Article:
Thus c = 2 (by matching the exponents) and Bc - B = 2 (by matching the coefficients) thus B = 2 also.

    So the solution to the t version of the differential equation is
    $\displaystyle y(t) = Ae^{t} + 2e^{2t}$

    Now we need to revert back to the x variable. $\displaystyle x = ln(t)$, so
    $\displaystyle y(x) = Ae^{ln(x)} + 2e^{2ln(x)} = Ax + 2x^2$

    Now we have the initial condition: $\displaystyle y(1) = 1$.
    $\displaystyle y(1) = A(1) + 2(1)^2 = 2 + A = 1$

    Thus $\displaystyle A = -1$

    and the solution to the differential equation will be:
    $\displaystyle y(x) = 2x^2 - x$

    -Dan
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  5. #5
    Forum Admin topsquark's Avatar
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    Quote Originally Posted by googoogaga View Post
    4) Find an explicit particular solution of the initial value problem:
    dy/dx= 6e^(2x-y), y(0)= 0
    This is done in the same manner as 1) and 2). I get that
    $\displaystyle y(x) = ln(3e^{2x} - 2)$

    Quote Originally Posted by googoogaga View Post
    5) A pitcher of buttermilk initially at 25 Degree celcius is to be cooled by setting it on the front porch, where the temperature is 0 degree celcius. Suppose that the temperature of the buttermilk has dropped to 15 Degree Celcius after 20 minutes, when will it be 5 degree celcius?
    Here we need to assume that the temperature change is a linear function (according to Newton's Law of Cooling it should be), so we have
    $\displaystyle \frac{dT}{dt} = \text{constant} = \frac{25 ^oC - 15 ^oC}{-20~min} = -0.5 ^oC/min$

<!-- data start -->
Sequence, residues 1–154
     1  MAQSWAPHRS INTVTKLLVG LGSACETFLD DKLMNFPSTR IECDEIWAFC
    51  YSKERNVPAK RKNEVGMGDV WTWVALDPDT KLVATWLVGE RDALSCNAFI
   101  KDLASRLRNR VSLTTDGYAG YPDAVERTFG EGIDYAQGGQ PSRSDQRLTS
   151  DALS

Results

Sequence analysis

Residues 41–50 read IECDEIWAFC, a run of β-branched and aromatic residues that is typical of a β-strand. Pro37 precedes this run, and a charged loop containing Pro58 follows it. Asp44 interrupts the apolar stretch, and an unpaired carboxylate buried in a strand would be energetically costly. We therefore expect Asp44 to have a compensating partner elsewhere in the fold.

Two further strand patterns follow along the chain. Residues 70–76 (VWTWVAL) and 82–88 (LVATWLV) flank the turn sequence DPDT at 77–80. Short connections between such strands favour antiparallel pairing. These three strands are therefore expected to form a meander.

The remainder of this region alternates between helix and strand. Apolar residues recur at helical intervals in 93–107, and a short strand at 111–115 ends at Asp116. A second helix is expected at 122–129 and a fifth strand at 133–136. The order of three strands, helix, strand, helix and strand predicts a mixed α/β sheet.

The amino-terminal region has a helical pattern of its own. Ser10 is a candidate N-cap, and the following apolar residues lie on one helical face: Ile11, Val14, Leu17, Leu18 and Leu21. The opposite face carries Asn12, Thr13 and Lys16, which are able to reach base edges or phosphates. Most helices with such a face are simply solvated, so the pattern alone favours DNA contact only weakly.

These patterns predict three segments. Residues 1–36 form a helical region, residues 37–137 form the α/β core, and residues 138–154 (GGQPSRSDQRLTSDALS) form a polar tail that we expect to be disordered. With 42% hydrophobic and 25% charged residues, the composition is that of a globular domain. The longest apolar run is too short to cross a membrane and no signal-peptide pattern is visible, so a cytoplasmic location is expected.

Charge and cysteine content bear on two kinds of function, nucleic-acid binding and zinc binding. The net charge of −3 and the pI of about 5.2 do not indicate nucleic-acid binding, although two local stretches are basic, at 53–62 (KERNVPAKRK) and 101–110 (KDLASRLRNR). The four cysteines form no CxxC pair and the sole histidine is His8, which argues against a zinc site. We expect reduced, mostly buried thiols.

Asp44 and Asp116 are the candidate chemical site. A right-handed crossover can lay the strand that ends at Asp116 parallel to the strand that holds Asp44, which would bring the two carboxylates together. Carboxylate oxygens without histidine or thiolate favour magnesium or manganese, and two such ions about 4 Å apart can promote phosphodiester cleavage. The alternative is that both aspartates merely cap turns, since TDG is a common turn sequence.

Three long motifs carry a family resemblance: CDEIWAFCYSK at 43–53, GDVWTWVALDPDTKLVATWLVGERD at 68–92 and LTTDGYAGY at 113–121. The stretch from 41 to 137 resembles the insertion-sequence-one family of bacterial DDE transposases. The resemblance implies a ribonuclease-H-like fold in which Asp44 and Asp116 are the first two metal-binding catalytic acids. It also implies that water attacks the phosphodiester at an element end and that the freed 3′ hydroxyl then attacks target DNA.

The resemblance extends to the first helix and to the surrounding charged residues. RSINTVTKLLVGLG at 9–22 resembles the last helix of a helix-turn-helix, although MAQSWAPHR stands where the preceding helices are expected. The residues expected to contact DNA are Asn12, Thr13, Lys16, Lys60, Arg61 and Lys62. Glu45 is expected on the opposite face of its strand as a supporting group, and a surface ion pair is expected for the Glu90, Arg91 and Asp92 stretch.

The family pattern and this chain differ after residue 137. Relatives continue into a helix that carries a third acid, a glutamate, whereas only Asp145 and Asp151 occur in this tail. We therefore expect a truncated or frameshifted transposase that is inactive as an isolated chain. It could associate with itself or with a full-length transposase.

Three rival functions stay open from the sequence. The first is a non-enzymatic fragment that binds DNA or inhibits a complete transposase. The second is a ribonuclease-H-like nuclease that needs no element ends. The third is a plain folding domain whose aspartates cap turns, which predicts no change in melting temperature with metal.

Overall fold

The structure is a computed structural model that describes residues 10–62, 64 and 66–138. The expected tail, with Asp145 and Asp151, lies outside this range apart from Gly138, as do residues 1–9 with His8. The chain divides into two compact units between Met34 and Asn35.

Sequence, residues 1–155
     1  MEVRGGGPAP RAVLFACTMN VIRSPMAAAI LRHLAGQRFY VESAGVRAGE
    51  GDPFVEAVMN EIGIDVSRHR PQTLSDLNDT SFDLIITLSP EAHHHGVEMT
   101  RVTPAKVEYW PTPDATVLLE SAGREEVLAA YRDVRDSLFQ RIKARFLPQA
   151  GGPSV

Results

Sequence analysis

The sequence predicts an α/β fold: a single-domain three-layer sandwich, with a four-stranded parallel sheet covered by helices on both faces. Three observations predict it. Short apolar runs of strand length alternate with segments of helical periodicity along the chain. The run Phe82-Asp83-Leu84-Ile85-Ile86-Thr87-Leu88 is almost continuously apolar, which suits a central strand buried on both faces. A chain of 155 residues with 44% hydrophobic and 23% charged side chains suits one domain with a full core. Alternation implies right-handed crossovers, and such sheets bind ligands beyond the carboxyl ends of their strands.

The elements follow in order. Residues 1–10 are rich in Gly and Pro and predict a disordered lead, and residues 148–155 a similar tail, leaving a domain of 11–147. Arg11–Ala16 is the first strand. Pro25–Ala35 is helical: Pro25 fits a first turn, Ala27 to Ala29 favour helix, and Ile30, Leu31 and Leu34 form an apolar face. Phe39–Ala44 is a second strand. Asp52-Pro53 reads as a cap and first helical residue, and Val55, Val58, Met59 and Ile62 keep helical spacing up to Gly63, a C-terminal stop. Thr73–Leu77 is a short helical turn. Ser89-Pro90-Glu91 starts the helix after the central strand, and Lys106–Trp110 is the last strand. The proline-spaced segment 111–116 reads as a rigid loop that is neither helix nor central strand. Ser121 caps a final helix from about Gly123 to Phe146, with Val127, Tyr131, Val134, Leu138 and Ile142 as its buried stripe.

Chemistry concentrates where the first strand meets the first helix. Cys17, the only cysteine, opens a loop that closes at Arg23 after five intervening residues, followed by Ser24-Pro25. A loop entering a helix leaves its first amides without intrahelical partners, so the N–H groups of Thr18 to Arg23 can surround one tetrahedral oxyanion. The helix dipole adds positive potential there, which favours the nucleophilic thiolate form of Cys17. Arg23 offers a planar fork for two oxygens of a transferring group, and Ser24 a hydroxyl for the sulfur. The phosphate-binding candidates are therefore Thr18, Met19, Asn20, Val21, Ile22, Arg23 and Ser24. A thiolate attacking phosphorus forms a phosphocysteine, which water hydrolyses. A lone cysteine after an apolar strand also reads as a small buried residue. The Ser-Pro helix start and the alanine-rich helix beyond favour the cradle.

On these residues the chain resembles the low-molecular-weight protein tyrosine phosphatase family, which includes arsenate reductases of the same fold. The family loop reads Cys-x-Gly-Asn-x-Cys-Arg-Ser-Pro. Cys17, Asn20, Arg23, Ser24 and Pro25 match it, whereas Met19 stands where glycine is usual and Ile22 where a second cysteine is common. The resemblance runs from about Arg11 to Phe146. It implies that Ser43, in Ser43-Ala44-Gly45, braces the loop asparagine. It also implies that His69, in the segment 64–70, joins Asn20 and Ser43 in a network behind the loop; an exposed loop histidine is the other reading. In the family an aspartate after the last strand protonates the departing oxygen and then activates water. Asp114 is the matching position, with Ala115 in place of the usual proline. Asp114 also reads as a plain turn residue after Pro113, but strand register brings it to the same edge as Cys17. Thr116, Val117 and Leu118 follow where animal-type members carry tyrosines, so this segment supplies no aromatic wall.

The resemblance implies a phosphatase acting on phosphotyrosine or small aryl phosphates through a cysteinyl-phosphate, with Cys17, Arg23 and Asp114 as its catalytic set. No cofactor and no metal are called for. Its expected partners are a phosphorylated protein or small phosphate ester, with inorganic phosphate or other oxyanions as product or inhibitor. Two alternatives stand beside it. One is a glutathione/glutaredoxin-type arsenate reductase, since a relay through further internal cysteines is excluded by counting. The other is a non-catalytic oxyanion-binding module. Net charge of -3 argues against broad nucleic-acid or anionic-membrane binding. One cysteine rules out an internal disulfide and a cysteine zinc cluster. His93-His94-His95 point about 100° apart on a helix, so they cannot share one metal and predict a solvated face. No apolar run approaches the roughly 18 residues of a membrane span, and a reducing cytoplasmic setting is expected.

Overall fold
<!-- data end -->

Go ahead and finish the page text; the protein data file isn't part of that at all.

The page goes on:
So the temperature starts as $\displaystyle 25 ^oC$ and cools at a constant $\displaystyle 0.5 ^oC/min$. How long will it take to drop to $\displaystyle 5 ^oC$?

    -Dan
    Last edited by topsquark; Jul 11th 2007 at 05:45 PM.
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  6. #6
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    First Order Differential Equations: Solving Particual and general Solution...

    # 4 still isn't crystal clear. How do you get the time? I am not really sure what to do here. Could you further explain please? Thanks.
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  7. #7
    Forum Admin topsquark's Avatar
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    Quote Originally Posted by googoogaga View Post
    4) Find an explicit particular solution of the initial value problem:
    dy/dx= 6e^(2x-y), y(0)= 0
    $\displaystyle \frac{dy}{dx} = 6e^{2x - y} = 6e^{2x}e^{-y}$

    $\displaystyle e^y dy = 6e^{2x} dx$

    $\displaystyle \int e^y dy = \int 6e^{2x} dx$

    Can you take it from here?

    -Dan
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  8. #8
    Forum Admin topsquark's Avatar
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    Quote Originally Posted by googoogaga View Post
    How do you get the time? I am not really sure what to do here. Could you further explain please? Thanks.
    I presume you mean for #5. There's not much else I can say without just giving you the answer (and this one's too easy for that.)

    Let me put it this way:
    You are looking at a plane of graph paper where time, t, is on the x-axis and temperature, T, is on the y-axis. We have two points on the function we wish to graph:
    $\displaystyle (0~min, 25 ^oC)$
    and
    $\displaystyle (20~min, 15 ^oC)$

    I told you the function connecting these points is linear, that is to say, a line. I found the slope of this line, $\displaystyle -0.5 ^oC/min$. Now you need to supply the following coordinate: What is the t value when the T value is $\displaystyle 5 ^oC$? ie. Fill in the following t coordinate: $\displaystyle (t, 5 ^oC)$.

    If you were asked this about the xy plane and a line connecting the points I am sure you would have no problem doing this.

    I should note that in writing this I realized that $\displaystyle \frac{dT}{dt}$ is negative. I have fixed this in my original post on this question. Sorry for the error!

    -Dan